British Coracles and Irish Curraghs. With a Note on the Quffah of Iraq. With an Introduction by Sir Geoffrey Callender. Published by the Society for Nautical Research by Bernard Quaritch. London (1938). Smooth navy buckram boards, lettered in gilt, in publisher's pictorial dust jacket lettered in black. Jacket lightly spotted & frayed, neat Ex Libris stamp to endpaper & in text, otherwise a near fine copy.
With twenty-three plates and twenty-three figures and plans in text. Reprints of a series of articles which appeared originally in 'The Mariner's Mirror,' the official publication of the Society for Nautical Research (1936-1938).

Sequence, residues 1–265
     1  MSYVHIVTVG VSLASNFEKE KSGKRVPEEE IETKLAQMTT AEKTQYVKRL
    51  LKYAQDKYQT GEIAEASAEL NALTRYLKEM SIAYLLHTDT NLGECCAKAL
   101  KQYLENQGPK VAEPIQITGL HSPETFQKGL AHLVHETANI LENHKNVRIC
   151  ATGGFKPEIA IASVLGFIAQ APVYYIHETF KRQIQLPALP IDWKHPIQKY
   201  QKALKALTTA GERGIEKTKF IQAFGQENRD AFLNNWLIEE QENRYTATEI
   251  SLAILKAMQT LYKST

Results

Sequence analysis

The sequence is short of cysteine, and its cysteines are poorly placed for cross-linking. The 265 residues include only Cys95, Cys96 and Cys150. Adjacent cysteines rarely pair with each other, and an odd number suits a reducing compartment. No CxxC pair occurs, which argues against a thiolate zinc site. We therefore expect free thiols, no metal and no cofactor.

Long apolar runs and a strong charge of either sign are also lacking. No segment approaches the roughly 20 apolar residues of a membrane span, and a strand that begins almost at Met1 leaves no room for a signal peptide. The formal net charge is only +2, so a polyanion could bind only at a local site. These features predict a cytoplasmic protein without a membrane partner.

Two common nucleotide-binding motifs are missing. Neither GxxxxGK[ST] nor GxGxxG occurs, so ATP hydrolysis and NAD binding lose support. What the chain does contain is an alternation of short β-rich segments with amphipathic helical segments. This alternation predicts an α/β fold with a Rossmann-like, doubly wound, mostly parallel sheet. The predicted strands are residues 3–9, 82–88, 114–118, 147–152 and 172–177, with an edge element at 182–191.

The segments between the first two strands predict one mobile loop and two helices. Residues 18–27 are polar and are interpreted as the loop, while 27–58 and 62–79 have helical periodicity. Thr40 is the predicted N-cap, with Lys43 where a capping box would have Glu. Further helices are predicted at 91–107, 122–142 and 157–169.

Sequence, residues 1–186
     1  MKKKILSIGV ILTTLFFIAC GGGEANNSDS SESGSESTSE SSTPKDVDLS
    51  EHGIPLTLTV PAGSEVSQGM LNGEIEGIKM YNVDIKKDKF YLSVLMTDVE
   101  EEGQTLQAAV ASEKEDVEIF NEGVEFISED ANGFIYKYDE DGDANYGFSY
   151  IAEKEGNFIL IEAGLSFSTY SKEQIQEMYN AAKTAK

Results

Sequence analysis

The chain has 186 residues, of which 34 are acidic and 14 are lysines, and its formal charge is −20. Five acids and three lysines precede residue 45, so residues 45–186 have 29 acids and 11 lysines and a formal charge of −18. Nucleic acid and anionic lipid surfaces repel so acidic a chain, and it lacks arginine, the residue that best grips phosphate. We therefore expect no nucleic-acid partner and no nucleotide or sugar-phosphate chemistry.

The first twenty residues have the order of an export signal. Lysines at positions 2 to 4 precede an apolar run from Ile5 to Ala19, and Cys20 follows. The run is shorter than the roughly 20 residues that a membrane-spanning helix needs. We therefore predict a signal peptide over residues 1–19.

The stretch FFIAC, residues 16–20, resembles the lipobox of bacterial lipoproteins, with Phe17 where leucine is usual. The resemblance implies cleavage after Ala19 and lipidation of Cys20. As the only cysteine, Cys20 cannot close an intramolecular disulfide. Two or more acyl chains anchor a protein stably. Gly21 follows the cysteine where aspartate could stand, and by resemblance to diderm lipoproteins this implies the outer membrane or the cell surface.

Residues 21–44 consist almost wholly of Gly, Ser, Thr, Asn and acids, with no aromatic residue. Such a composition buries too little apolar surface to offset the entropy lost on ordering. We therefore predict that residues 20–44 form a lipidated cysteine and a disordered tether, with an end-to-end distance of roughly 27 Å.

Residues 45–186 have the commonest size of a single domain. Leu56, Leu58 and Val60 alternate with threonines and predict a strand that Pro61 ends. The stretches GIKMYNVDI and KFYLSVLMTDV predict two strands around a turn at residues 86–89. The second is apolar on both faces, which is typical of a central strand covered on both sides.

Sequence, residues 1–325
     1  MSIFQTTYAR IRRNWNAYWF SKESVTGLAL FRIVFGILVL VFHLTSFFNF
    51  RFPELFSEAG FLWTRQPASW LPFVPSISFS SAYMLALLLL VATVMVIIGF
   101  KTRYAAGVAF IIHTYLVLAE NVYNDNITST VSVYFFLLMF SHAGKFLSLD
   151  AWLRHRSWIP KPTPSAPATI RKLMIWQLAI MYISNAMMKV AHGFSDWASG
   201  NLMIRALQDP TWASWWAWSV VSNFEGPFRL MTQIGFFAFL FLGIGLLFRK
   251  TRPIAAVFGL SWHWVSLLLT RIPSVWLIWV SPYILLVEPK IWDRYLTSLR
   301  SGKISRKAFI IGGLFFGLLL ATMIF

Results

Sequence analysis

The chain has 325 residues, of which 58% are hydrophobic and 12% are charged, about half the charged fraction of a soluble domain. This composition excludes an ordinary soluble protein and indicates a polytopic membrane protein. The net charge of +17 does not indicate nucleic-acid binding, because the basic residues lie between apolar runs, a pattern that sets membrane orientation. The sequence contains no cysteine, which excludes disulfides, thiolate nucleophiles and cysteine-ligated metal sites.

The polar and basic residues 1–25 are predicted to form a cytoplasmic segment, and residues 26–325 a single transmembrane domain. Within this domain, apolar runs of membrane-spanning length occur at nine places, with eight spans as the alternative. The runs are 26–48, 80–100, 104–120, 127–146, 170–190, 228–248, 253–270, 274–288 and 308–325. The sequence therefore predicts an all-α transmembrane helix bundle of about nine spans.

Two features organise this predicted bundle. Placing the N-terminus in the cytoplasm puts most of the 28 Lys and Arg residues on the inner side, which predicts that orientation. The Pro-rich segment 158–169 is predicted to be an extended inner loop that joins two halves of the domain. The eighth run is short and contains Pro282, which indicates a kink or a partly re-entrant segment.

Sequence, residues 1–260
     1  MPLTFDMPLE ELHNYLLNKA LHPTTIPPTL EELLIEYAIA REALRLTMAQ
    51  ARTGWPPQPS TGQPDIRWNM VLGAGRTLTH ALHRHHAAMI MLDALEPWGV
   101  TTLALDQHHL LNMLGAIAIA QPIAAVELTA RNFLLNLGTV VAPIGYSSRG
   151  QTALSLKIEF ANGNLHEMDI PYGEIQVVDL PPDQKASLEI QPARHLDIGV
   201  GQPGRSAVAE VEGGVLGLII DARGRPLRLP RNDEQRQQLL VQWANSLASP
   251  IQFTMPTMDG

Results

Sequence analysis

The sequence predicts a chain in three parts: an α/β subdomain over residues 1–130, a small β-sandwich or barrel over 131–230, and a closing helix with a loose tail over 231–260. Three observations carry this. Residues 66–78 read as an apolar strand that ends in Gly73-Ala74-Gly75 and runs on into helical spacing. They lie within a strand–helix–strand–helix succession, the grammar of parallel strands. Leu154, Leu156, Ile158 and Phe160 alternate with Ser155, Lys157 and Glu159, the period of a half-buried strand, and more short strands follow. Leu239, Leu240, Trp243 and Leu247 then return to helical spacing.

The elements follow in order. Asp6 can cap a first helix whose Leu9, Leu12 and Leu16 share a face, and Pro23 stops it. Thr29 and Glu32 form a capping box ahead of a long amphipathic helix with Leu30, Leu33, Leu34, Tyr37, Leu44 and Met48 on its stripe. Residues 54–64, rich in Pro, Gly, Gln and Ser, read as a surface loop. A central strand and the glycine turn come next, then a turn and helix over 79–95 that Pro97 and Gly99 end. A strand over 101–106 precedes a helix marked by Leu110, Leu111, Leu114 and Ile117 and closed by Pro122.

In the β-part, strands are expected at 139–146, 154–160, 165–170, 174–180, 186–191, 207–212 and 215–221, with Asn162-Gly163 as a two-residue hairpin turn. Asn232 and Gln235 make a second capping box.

Large section devoted to the Curragh of Ireland with plates and drawings. Hornell describes the first connected account of these interesting survivals of the primitive boats, the coracle and the curragh, which are still to be seen on the rivers of Wales and the Welsh marches, and on the west coast of Ireland. The English coracle, the author believes has a common ancestry with the quffah of Iraq, but is not related to the Irish curragh. This latter is of composite origin and a product of an indigenous Celtic development.